THE LISTS: Top 10 biopics

Posted by · 4:20 pm · November 11th, 2008

It’s no real secret that the Academy is partial to the biopic. Big or small, intimate or epic, celebratory or critical, they never seem to tire of the allure of actors channelling real-life figures, past and present. Lately, in the performance categories in particular, biopics have been the surest route to voters’ hearts, with seven of the last nine Best Actress winners falling under the category, and Daniel Day-Lewis having just broken a three-year run of biopic winners in Best Actor.

The genre is no less prominent this year, with titles like “Milk,” “Frost/Nixon,” “Che” and “W.” all garnering varying degrees of awards buzz, for their star turns in particular. Meanwhile, from the arthouse, European titles like “Hunger” and “Il Divo” are significantly challenging the formal boundaries of the biopic, proving that the genre has far more adventurous terrain to cover than the solid, occasionally stodgy awards catnip the Academy frequently chooses to laud.

Back in August, I wrote a post about how I was wearying of Oscar’s devotion to the genre; in turn, after my unenthusiastic “Frost/Nixon” review, a friend said to me, “Well, you do hate biopics.” I really don’t. But I am a little bored of the more linear, prosaic examples of the genre that reduce the narrative to CliffsNotes highlights in order to showcase a performance. (Step forward, “Ray” and friends.)

Real life offers an infinite number of structural and cinematic possibilities, and it is the films that best take advantage of this fact that this week’s list is designed to celebrate. The ten films here take a wide range of approaches in portraying an equally diverse array of lives, but for me, they all pass the principal test of the great biopic: defamiliarizing the familiar. By creating living, breathing characters out of figures best known from history books and pop culture annals, they make real life as revelatory and surprising as fiction.

It’s interesting to note how few of the films I’ve chosen qualify as the Oscar-bait that biopics are widely perceived to be — we have four Best Picture nominees here, and only one winner. It was by no means a deliberate or elitist move on my part, but the fact remains that a lot of the most interesting and audacious work within the genre doesn’t get the recognition it deserves.

The biopic is clearly maturing — as I was drawing up the shortlist for this piece, I was surprised by how recent many of my inclusions were, but it’s clear that filmmakers are getting more adventurous with time. For example, in the 1950s, a film like “La Vie en Rose” would have been made as a stolid music weeper in the “I’ll Cry Tomorrow” mold — today it comes in a considerably more fractured form, structurally and stylistically. It’s just one of several recent films, from “The Assassination of Jesse James by the Coward Robert Ford” to “Marie-Antoinette,” to show that the biopic need never be safe cinematic territory. The following ten films prove that.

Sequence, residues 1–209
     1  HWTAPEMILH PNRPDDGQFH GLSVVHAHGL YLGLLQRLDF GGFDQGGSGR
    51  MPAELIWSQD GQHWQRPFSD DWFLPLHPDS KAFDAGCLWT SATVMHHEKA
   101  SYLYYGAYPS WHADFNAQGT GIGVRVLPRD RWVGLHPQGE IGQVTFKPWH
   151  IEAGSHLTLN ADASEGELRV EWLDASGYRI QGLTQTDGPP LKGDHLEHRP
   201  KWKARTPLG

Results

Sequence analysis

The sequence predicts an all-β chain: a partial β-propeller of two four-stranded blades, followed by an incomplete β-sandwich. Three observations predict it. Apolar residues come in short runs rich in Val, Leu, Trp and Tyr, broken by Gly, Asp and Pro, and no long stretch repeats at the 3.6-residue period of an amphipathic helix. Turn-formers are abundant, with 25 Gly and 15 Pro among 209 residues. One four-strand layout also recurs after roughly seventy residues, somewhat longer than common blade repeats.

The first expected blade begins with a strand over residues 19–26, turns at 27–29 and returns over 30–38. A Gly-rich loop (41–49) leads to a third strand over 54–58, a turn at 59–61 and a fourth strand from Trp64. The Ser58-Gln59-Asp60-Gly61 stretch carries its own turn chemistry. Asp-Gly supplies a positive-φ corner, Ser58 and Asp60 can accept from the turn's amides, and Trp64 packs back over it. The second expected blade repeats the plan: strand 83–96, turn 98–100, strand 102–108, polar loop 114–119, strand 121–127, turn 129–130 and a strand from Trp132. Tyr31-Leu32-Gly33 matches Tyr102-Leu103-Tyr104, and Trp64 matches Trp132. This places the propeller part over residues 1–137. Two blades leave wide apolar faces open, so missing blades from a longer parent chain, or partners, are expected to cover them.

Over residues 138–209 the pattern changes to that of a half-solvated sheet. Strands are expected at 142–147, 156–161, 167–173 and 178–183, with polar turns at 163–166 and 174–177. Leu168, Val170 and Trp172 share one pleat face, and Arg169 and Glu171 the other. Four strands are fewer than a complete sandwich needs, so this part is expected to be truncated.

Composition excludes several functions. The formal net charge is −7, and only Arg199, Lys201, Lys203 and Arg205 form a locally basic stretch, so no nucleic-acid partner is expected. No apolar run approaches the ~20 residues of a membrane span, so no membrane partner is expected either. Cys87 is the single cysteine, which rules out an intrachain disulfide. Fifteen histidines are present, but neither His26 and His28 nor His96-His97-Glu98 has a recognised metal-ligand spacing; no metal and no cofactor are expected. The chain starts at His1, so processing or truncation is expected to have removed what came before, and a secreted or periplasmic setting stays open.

10. “American Splendor” (Robert Pulcini and Shari Springer Berman, 2003)
An ingeniously intertextual account of the life and work of comic book author Harvey Pekar, “American Splendor” goes against the grain of nearly every other biopic of a creative being by revelling in its subject’s ordinariness. Riffing off Pekar’s own autobiographical comics, Pulcini and Berman brought their keen documentarist’s eye to Pekar’s unremarkable world of beige offices and supermarket checkouts, making as much dramatically of the absences in his life as his achievements. Anchored by a quicksilver performance from Paul Giamatti, this achieves the rare biopic feat of matching its subject’s individualism.

9. “Lenny” (Bob Fosse, 1974)
Unjustly neglected these days, Fosse’s devastating portrait of infamous standup comedian Lenny Bruce remains one of the most honest and disconcerting screen accounts of a performer’s insecurities. Bounding back and forth across Bruce’s career as he challenges laws of obscenity and loses himself to addiction in the process, the film achieves the difficult task of capturing what obviously made Bruce such a compelling public presence, but it succeeds most as a sad, doomed love story between Bruce and his stripper wife Honey. Dustin Hoffman was never more fiercely energized on screen.

8. “Sid and Nancy” (Alex Cox, 1986)
As rattling, abrasive and occasionally unpleasant as the music of the Sex Pistols, this rough-hewed study of the ultimate destructive rock’n’roll relationship — that between the Pistols’ bassist Sid Vicious and his American groupie-turned-manager Nancy Spungen — marries merciless documentary-style filmmaking with the blackest streaks of humor imaginable. Beginning with Vicious’ police interrogation after stabbing Spungen to death, the film goes on to trace every abusive interchange that led him there, with extraordinary performances from Gary Oldman and Chloe Webb’s performances is extraordinary, fuelled by the repulsive magnetism of punk itself.

7. “Before Night Falls” (Julian Schnabel, 2000)
Seemingly intent on being the king of the impressionistic biopic, Julian Schnabel failed to move me with his glossy, self-regarding debut “Basquiat,” despite his personal affinity with the milieu at hand. Here, in shifting his focus from painting to poetry, Schnabel made a far more convincing statement about art’s capacity for individual and social change. As persecuted gay Cuban novelist-poet Reinaldo Arenas, it was Javier Bardem who garnered the most acclaim for the film, but what really sticks with me is the dream-like quality of Schnabel’s imagery, which serves Arena’s prose more vividly than the clickety typewriter sounds cluttering any number of other writer biopics.